A few days later Melissa’s sore throat has gotten worse, to the point that she is having trouble swallowing. Melissa and her parents are concerned, so at 9 p.m. they drive to a 24-hour Urgent Care clinic that participates in the Health Information Exchange (HIE).

Melissa checks in at the receptionist desk and completes the HIPAA form. In the exam room, the nurse pulls up Melissa’s EHR and together they review her visit to her PCP, Dr. Smith. The nurse then checks Melissa’s vital signs — not much has changed — and records the new information electronically.

The physician comes in, reviews Melissa’s EHR, examines her throat and sees severe swelling of her throat and tonsils. He then searches for the results of Melissa’s Strep (throat) culture and sees that she did not test positive for strep. Because Melissa’s throat swelling is severe, but she doesn’t have strep, the physician prescribes prednisone and sends it electronically to a nearby 24-hour pharmacy.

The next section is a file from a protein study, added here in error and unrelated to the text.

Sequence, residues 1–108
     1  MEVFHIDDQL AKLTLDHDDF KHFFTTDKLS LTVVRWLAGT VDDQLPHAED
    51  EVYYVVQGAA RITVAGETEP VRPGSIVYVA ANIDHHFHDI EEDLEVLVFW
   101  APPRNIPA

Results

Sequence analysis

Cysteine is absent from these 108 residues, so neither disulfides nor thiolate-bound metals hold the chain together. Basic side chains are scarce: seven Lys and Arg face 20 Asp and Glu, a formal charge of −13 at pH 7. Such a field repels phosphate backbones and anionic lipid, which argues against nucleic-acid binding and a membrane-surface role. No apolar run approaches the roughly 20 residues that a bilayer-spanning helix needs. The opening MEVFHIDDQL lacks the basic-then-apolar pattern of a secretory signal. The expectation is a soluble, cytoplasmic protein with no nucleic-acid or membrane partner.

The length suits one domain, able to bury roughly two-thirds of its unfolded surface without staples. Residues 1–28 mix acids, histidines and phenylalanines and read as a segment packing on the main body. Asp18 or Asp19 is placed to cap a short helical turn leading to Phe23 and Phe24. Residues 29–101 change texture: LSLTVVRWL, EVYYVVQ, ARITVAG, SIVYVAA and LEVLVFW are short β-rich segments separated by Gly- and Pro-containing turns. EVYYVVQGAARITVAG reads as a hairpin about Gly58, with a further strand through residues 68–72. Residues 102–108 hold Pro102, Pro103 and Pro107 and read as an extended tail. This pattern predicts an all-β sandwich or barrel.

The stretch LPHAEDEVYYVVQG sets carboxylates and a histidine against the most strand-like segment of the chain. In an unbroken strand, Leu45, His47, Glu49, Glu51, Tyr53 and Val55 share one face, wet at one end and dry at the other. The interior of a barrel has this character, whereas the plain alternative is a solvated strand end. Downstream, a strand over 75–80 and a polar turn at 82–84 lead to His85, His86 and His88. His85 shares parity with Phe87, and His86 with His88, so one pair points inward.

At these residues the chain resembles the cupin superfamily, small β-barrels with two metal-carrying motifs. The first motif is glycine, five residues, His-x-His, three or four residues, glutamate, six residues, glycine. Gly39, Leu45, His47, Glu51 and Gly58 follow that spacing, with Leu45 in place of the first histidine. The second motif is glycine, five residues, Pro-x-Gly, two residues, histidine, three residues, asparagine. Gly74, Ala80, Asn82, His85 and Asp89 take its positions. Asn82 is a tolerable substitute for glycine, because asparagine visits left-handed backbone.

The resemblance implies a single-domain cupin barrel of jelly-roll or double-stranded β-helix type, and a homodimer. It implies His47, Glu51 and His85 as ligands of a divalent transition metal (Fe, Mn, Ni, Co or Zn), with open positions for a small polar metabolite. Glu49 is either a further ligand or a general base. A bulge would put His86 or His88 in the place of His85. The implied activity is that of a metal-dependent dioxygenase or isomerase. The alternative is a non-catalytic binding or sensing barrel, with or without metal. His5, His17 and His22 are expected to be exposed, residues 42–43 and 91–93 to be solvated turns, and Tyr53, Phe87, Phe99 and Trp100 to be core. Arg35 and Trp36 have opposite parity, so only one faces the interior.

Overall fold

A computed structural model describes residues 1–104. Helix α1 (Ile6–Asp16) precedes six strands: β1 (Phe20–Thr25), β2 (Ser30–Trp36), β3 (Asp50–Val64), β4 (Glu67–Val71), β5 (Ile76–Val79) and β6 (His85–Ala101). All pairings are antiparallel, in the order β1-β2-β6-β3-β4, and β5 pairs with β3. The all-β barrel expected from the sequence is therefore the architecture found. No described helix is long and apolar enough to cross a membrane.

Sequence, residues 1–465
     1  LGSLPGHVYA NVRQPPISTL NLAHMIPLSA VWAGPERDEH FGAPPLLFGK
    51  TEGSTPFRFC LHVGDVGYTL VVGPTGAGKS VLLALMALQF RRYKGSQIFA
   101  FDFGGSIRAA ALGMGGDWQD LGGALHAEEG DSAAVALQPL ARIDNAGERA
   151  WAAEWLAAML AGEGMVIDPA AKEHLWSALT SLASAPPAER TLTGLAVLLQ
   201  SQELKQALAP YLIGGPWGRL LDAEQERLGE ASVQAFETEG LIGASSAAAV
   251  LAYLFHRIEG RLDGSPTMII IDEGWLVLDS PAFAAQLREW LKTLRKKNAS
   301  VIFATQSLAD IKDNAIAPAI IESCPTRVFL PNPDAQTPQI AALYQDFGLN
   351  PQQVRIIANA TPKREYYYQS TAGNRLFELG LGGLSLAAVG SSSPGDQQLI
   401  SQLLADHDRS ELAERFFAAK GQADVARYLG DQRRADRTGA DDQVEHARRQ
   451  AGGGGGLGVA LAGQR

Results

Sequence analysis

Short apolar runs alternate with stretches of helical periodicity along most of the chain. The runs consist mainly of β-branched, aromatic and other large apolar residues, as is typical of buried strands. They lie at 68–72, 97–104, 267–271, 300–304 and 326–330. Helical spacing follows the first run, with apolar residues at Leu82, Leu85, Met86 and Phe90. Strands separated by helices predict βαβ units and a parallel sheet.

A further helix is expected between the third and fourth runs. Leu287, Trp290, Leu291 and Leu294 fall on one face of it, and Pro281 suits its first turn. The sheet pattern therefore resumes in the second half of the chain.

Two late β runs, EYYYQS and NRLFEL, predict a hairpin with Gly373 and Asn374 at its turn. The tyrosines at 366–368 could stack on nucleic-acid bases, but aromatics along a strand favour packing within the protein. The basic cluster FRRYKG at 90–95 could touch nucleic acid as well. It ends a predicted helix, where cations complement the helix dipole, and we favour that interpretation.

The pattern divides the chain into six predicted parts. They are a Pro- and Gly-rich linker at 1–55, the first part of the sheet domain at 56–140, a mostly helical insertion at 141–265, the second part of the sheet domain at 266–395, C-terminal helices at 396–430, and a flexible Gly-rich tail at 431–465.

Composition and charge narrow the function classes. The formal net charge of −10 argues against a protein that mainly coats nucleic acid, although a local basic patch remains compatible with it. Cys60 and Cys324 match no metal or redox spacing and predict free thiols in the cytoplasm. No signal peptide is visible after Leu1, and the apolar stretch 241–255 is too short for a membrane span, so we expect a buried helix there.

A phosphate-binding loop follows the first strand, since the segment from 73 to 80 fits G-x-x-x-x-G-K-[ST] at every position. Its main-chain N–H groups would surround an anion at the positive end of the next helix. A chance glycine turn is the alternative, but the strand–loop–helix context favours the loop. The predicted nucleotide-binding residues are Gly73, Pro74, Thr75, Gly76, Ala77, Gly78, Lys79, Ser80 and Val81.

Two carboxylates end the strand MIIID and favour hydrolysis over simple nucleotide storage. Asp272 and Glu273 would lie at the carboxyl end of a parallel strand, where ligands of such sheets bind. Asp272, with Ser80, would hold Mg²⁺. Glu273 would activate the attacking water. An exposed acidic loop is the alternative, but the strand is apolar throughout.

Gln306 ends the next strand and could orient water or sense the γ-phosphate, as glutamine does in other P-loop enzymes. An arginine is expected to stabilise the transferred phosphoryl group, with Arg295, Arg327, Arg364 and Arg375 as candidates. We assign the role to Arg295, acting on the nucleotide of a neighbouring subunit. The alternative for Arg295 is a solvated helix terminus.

A few minutes later, the health coach enters the exam room. The health coach reminds Melissa that she can use pain relievers such as acetaminophen (Tylenol®, others) or ibuprofen (Advil®, Motrin IB®, others) as needed. She also suggests that Melissa gargle with salt water several times a day to relieve her sore throat. As she leaves, Melissa is given a copy of her urgent care receipt and a separate copy is sent to the medical and health services manager in the urgent care office.

  1. Discussion Questions: Why is it beneficial that Melissa’s PCP and the Urgent Care clinic participate in the Health Information Exchange (HIE)?
    1. Eliminates unnecessary or redundant testing and paperwork
    2. Reduces medical and medication errors
    3. Reduces health related costs
    4. All of the above